- Specific Children Count - An object count feature linked to a specific object tag
- Children Volume Statistics - A Group Statistics feature of the volume of children in a group.
.. and many combinations thereof (Volume ratio, tag specific numerical density, etc).
Object table layout
along with Custom Features, the objects table layout can also be changed to provide easier access to the features of parent and children.
The default layout for the Objects table is a single table showing all the objects with the selected tags. If the Compartments operation has just been run it may look something like this:
However, in this layout, the table doesn't give any clear indication of which objects are parents and which are children, or the relationship between them. Instead we can switch to the Master/Detail layout where parents can be displayed on the top, and the respective children shown in their own table at the bottom:
In the Master detail layout, each table behaves somewhat independently, meaning that different tags can be selected at the top and bottom, but the Detail table only shows the children of parents selected in the Master table.
Exporting compartmentalization results
Of course, the objects table is a powerful tool for visualizing and sorting the results of the Compartments operation. However, in many cases, it can be advantageous to export the results so that further analysis of the results can be done in different software like Excel. In that case, the results can be exported, either out of the Objects table using the Im/export button, or directly in the pipeline by adding the Export Objects Features operation.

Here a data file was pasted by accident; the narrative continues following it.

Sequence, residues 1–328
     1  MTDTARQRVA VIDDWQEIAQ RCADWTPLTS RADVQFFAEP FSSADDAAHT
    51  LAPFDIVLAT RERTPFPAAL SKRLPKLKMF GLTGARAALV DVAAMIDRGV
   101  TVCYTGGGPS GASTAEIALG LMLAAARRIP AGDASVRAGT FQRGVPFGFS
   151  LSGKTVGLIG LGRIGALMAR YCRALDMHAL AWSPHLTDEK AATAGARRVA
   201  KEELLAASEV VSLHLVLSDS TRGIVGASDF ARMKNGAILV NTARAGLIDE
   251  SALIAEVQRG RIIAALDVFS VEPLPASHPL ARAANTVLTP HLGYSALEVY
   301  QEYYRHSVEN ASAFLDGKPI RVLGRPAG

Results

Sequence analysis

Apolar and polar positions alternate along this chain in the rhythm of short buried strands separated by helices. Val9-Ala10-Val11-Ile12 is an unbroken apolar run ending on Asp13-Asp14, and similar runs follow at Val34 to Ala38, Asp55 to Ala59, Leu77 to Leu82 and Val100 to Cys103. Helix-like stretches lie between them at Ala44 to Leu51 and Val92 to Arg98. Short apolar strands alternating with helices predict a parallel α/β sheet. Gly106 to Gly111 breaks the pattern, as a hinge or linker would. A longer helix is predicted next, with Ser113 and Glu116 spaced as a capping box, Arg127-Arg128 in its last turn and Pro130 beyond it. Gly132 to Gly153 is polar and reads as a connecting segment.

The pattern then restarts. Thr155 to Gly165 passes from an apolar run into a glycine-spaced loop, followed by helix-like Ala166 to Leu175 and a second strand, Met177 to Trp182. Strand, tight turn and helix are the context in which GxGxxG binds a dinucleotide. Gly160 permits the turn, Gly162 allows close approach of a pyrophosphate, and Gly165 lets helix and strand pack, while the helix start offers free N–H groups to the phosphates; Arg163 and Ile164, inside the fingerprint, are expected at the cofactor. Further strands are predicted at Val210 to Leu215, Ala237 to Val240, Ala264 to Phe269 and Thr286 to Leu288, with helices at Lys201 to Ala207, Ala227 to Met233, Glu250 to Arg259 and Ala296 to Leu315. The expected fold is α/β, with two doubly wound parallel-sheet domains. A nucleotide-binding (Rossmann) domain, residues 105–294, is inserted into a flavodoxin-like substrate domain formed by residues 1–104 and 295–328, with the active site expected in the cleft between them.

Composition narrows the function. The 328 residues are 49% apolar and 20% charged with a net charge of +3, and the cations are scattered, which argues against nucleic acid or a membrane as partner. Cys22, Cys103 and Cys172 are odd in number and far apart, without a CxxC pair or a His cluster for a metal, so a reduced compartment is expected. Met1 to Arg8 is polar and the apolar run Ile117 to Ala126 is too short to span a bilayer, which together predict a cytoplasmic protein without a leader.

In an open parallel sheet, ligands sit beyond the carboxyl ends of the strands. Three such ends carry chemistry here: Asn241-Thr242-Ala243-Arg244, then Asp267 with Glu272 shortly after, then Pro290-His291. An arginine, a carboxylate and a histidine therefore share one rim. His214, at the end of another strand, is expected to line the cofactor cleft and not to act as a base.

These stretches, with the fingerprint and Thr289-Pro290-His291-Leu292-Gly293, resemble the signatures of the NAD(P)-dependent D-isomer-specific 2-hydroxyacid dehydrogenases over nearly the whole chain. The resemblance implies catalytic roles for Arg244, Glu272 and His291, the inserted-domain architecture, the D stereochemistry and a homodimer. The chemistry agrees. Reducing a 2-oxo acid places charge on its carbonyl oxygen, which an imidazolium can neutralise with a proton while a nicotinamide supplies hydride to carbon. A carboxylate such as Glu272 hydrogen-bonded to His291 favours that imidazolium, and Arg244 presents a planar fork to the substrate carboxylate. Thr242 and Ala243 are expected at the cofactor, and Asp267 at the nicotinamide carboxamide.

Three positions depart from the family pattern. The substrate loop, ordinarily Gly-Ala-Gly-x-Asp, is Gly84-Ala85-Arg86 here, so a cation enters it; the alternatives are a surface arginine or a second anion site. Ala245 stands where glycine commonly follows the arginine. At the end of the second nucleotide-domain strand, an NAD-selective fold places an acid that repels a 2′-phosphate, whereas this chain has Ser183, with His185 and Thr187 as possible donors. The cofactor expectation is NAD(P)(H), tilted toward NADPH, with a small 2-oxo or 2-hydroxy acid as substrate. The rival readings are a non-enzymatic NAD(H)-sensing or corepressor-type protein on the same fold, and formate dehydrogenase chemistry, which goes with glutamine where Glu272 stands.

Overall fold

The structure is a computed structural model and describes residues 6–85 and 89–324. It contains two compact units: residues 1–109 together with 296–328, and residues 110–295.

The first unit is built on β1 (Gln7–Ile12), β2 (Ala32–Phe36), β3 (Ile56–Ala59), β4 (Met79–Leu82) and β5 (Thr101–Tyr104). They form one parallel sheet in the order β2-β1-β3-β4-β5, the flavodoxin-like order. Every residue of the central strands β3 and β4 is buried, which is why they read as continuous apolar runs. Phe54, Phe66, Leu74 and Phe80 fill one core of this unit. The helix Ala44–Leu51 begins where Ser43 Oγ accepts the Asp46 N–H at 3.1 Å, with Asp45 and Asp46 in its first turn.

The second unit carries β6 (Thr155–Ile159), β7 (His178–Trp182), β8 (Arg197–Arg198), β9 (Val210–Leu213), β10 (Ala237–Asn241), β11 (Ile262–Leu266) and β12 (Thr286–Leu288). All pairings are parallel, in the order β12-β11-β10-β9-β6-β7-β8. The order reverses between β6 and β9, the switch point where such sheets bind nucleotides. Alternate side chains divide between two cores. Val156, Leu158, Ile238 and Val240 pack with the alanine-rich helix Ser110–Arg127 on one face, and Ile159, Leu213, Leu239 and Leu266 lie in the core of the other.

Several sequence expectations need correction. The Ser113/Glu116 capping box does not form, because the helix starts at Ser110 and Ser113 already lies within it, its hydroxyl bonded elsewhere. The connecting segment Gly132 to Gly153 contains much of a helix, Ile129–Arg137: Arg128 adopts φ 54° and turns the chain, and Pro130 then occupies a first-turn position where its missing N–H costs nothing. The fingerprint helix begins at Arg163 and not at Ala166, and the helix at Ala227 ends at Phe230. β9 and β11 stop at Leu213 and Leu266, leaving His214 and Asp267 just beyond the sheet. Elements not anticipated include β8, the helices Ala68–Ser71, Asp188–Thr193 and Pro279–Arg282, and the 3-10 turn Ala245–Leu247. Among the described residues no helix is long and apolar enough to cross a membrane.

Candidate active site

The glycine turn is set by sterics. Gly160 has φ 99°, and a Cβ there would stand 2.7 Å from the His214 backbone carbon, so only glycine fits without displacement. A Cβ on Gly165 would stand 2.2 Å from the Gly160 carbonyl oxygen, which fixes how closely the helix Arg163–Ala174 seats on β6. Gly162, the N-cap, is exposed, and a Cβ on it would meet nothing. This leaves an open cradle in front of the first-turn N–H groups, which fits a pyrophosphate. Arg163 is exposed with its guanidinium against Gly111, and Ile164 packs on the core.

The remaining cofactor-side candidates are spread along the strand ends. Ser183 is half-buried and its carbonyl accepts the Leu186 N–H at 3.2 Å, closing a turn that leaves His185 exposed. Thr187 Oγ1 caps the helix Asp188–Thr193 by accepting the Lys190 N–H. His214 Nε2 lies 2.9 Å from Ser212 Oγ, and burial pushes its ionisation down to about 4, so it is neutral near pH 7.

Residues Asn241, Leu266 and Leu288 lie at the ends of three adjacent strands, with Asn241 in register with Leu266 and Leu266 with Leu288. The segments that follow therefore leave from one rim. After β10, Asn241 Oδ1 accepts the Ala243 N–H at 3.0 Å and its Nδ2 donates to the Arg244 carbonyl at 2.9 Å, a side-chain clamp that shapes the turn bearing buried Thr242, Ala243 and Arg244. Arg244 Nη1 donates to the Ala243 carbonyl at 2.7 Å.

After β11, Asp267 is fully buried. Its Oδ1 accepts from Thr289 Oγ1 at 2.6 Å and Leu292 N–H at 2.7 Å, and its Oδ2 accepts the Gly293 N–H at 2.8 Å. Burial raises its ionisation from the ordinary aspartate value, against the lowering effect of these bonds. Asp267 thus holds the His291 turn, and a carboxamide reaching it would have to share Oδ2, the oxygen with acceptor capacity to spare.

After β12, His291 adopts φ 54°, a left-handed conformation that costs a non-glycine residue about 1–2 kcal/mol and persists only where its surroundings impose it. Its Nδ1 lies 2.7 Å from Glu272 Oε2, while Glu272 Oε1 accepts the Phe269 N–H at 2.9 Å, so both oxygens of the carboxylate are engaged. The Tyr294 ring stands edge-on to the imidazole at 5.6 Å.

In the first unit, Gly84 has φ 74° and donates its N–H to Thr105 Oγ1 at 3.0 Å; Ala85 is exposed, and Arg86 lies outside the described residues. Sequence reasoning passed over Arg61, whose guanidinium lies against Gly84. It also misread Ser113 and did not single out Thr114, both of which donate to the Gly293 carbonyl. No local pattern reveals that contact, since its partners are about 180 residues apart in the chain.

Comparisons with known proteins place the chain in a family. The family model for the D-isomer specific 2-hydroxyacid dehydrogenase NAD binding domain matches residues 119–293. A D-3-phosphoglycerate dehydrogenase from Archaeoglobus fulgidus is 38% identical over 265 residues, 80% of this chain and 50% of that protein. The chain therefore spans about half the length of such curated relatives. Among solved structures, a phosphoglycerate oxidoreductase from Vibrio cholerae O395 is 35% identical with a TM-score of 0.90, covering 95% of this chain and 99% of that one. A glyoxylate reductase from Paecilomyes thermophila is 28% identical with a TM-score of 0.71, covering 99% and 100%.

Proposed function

The Export Object Features operation can be configured in a variety of ways, including the Master-Detail report as seen above.
As with the Master-Detail layout in the objects table, the features to be exported can be set independently for both the main table export and the details tables.
The Compartments operation, together with the objects tables and features, can provide powerful insights into object relationships in image analysis. Unfortunately, it is difficult to do this topic justice in a knowledge base article due to the vast array of potential uses and applications where these tools can be used. Hopefully, this article provides a valuable overview. Please contact support using the link at the top of the page if you require any additional help with your analysis.